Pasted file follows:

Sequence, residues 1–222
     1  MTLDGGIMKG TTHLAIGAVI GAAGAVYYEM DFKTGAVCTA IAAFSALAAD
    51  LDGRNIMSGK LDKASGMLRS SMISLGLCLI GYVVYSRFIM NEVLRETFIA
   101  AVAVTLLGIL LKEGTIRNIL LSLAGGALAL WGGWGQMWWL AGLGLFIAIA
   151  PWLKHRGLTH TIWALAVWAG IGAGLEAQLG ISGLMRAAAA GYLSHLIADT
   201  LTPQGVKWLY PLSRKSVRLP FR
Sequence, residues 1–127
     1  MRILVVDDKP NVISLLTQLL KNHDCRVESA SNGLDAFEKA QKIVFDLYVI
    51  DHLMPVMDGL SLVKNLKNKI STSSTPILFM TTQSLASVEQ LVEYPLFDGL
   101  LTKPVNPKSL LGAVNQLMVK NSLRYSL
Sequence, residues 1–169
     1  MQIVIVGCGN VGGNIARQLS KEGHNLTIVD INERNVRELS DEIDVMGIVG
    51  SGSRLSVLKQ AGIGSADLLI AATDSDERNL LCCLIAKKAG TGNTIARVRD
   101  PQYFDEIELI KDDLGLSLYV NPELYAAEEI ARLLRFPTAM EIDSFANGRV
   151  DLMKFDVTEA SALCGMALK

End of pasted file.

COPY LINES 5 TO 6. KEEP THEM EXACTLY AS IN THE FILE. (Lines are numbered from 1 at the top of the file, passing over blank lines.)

   151  PWLKHRGLTH TIWALAVWAG IGAGLEAQLG ISGLMRAAAA GYLSHLIADT
   201  LTPQGVKWLY PLSRKSVRLP FR